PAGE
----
Alison Berkley: The Princess’s Palate
The Aspen Times
Aspen, CO Colorado
It turns out being 40 isn’t as bad as I thought. In fact, it’s awesome.
For months, I was dreading it, but then something amazing happened. I had a marked shift in my consciousness that is unlike anything I have ever experienced before.
For as long as I can remember, birthdays were always stressful. I was probably the only 5-year-old in the world who had a complete meltdown at her birthday party because my mom got a cake with strawberry filling. As soon as I saw that bloody goo between the layers of my cake, I started bawling, and soon the rest of the kids were crying too. I still have a visual of the garbage can filled with uneaten pieces of sliced cake. I don’t know how my mother did it, especially considering it was back in the mid-70s before Prozac was invented.
It only got worse from there. Every year, we’d play these birthday party games, like Pin The Tail on the Donkey or whatever, and I never won. Not ever. It wasn’t so much that I was a sore loser, because I was. I was interested in the cool little prizes my mom would give the winner. Finally my mom got so fed up she ended up giving me all the prizes even though I didn’t win any of the games. I had to have it all – the plastic clip-on earrings, the wooden paddle with the rubber ball attached by a string, the candy, and the tiara. There is a photo of me in my little red dress with the white tights and black patent leather Mary Janes and a handful of goods to prove it.
It was only the beginning of a lifetime of “I want.”
Once I was old enough for sleep-over parties and birthdays at the roller skating rink, it was all good, at least for a while. We’d get decked out in our Levi corduroys and velour V-neck sweaters with turtlenecks layered underneath, and down vests. At that point we were rockin’ ribbon barrettes and feathered hair. The roller skating rink had a disco ball and played all the new Michael Jackson tunes and the pizza was really bad but we ate it anyway.
I don’t remember much about my birthdays in high school or college, more likely than not because that’s when alcohol became involved and pretty much obliterated any memory of whatever it is I probably wanted so badly to forget.
It was most difficult during my adult years. Soon birthdays were just a measuring stick to remind me just how far behind I was in the grand scheme of life, whether it meant not having a serious boyfriend (mid-20s), not being engaged (late 20s) not being married (early 30s) and not having a baby (late 30s).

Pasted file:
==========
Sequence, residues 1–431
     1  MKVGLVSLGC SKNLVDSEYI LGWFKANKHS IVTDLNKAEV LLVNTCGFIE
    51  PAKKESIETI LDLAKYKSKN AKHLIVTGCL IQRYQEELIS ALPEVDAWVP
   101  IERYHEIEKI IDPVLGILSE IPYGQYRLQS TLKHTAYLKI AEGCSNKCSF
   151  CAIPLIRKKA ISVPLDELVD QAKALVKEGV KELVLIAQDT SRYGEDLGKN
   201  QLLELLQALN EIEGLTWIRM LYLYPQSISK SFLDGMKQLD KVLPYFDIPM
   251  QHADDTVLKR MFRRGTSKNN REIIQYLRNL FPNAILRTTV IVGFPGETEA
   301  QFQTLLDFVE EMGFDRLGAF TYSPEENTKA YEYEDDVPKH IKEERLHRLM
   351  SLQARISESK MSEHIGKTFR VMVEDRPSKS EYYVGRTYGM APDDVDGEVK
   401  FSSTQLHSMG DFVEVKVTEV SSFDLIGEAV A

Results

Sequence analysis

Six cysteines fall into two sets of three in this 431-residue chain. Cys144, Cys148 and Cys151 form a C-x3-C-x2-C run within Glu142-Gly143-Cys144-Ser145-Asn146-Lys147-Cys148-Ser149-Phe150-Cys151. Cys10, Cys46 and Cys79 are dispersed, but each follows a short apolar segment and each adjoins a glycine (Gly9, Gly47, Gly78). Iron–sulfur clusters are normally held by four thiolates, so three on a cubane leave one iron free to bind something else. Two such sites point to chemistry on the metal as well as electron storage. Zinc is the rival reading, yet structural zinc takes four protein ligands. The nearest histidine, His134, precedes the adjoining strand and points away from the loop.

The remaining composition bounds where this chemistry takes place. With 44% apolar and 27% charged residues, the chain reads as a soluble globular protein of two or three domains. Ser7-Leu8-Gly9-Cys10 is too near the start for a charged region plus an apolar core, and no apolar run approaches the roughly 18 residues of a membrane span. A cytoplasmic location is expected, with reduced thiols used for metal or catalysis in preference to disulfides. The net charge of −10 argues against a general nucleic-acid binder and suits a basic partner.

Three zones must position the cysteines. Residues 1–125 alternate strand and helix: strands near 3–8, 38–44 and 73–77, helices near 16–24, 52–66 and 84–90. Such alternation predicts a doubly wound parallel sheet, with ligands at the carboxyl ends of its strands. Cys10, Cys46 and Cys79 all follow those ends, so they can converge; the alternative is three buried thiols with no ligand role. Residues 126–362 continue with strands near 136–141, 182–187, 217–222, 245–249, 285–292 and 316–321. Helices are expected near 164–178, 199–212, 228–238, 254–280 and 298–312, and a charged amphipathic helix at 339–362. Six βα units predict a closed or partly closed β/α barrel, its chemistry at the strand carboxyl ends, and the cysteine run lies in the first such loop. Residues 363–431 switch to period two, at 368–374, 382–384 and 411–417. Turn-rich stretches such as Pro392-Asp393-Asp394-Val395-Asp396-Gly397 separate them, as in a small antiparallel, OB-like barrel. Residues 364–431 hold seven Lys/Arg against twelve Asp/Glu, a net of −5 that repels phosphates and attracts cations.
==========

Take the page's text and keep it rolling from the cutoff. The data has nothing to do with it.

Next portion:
Often times there was some traumatic event mixed in to compound that, like the night before my 35th birthday when the Guy Of The Moment cut me loose with the bone-crushing, ego-shattering, heart-breaking line, “I don’t know what you want from me.”
Of course GOFM knew exactly what I wanted. I’m pretty sure at that point in my life all I asked for was to be acknowledged by someone when they were actually sober.
For my 30th birthday, I was living in San Francisco and working for a dot-com. It was the year 2000, and everyone thought they were going to get rich off IPOs and tech stocks. I was making more money than I’d ever made in my life and doing absolutely nothing because our website wasn’t up yet. I decided to go big, declaring it the bat mitzvah I never had – 30 seemed a lot more appropriate for a coming of age.
I rented the top floor of a big Spanish tapas bar on South of Market and had the whole thing catered. I had a huge crush on my boss Nicholas who was likely the motivation for a lot of what that party was about. I invited everyone I worked with, because they were the only people I knew at the time – unless you want to count my ex-boyfriend from college who just happened to be living there too.
Nicholas never showed up. It turned out he was in New York for the weekend with his girlfriend who, I learned that night, was a Calvin Klein model.
I ended up going home with my ex-boyfriend. Despite our long history, he treated it like any other one-night stand, sheepishly slinking out of bed before the sun rose to return home before his girlfriend found out he was gone. I’m pretty sure that whole debacle ended in a conversation wherein someone said, “I don’t know what you want from me,” yet again. He married her a few months later.
So I thought I’d keep it low key this year. I thought maybe if I turned 40 and no one was there to see it, it didn’t happen. So I left the country. Let’s just say I had zero in the way of expectations.
The Friday night after my return, I innocently went to Plato’s for dinner thinking it was date night with Ryan to find a room full of family and friends yelling, “Surprise!” just like they do in them movies. There were presents and balloons and big plastic jewelry and a tiara or two. It turns out Sarah, my best friend from high school who lives in the valley, had been putting it all together for weeks, contacting all my friends old and new to give me this special day.
“Pretend you’re a princess and eventually, people will start to believe you,” I told my guests during our pre-dinner toast.
It was that night, surrounded by people I love all together in one room that I felt that shift. For the first time, I had everything I could ever want.
Now the challenge is how to top it. Did someone say roller-skate disco party?
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Aspen’s summer Sister City, the Hamptons, had its woes summed up in a recent Vanity Fair article, “Rich People of the Hamptons Have a New Headache: Even Richer People.”